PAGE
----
I was a young church planter, probably about a year into the new church plant, when I bought a day of consulting. As a part of that process, consultant Dan Reeves gave me a personal profile system that is now called DiSC. (And yes, for reasons unknown, the i is lower case.) He had me take this inventory and when we debriefed the results, the first words out of his mouth were, “Bob, unless you change your behavior, you will kill this church.”
That got my attention. So I naturally asked, “What do you mean?” He then proceeded to describe my behavioral tendencies as a high D: that I was very driven, high-pressure, result-oriented, pushing people, treating everyone the same way (as if they were just like me). After a big undertaking in which my team struggled to help me take one hill, I’d say, “Okay, let’s take another hill!” with no time for rest or celebration. My task-orientation was going to drive people into the ground. I needed to learn how to adapt my style to work effectively with people who were different than me.
Over the next 18 to 24 months, I very painfully, step-by-step, learned how to flex my behavior to get results in a way that was appropriate for others as well. When I held team meetings, I would actually write down on my agenda, “Be relational.” I even put down a timeframe: 20 minutes. I didn’t show anyone else this agenda, of course. I’d also add notes: “Ask so-and-so about their brother,” or some other relational item unconnected to the task at hand. On my calendar, I’d write at random intervals, “Call so-and-so and encourage them.”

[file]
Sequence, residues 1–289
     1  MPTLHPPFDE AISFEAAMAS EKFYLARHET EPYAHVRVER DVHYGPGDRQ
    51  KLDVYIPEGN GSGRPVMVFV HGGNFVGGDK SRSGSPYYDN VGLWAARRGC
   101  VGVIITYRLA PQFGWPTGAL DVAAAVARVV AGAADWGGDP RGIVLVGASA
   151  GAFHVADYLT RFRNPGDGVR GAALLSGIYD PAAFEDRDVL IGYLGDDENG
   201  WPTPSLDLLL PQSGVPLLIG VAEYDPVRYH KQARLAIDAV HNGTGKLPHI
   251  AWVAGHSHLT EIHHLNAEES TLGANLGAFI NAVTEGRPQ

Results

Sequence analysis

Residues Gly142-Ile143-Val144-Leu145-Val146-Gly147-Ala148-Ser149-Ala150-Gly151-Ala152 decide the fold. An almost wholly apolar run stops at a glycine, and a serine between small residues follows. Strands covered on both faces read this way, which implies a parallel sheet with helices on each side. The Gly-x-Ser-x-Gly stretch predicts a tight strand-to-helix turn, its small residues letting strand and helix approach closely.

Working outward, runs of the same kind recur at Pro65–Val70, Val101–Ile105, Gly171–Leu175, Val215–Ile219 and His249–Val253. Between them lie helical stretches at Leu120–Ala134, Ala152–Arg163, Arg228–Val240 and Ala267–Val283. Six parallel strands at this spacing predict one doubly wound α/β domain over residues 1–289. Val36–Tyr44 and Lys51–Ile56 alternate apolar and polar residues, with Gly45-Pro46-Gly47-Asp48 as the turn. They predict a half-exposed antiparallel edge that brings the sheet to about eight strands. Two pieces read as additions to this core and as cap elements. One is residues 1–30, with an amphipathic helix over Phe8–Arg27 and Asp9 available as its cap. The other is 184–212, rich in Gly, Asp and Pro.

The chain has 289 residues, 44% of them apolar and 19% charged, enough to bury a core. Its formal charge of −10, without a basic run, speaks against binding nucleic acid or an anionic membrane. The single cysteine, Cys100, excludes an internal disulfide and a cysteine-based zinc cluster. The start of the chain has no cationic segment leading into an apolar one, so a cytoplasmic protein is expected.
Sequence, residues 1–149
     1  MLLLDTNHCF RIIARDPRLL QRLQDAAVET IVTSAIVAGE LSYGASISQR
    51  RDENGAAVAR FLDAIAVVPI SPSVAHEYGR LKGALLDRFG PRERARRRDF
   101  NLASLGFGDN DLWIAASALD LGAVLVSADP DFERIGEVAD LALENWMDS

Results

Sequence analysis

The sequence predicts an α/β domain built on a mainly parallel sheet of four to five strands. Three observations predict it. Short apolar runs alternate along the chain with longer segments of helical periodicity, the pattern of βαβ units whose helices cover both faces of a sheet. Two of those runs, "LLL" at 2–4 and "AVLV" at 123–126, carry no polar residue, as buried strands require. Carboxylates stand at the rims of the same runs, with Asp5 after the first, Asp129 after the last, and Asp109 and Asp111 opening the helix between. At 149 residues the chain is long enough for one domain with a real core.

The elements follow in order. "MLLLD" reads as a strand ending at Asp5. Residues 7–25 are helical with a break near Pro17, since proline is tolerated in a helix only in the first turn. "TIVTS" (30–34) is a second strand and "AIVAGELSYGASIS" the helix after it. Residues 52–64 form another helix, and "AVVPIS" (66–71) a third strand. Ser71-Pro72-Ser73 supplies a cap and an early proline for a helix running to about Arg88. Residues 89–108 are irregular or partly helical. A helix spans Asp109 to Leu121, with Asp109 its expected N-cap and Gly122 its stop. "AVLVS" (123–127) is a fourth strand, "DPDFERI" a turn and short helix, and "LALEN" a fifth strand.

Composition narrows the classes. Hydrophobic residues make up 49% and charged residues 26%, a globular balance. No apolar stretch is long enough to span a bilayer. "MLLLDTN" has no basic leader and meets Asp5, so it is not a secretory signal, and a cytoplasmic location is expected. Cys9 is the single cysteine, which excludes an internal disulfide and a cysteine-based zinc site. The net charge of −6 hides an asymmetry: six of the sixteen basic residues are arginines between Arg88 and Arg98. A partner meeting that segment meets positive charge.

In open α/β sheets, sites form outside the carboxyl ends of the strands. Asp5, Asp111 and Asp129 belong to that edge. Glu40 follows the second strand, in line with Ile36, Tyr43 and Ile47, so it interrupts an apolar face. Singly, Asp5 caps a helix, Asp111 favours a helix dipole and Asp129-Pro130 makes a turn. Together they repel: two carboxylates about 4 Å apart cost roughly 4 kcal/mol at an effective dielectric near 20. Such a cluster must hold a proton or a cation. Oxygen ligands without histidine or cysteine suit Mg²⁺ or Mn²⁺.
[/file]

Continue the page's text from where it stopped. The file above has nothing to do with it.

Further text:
Sound artificial? Absolutely. I was forcing myself to learn a new set of behaviors that did not come at all naturally to me. Yet over time these behaviors became habits and I could do them without as much effort. But remember– it did take 18-24 months.
I highly recommend the DiSC profile because it saved my ministry. In the next few entries, I’d like to share some of the insights I’ve learned over the years, not only for me as a D, but for other behavioral styles as well. If you’re familiar with DiSC, bring it out and dust it off. If you’re not, I really recommend that you take the DiSC profile.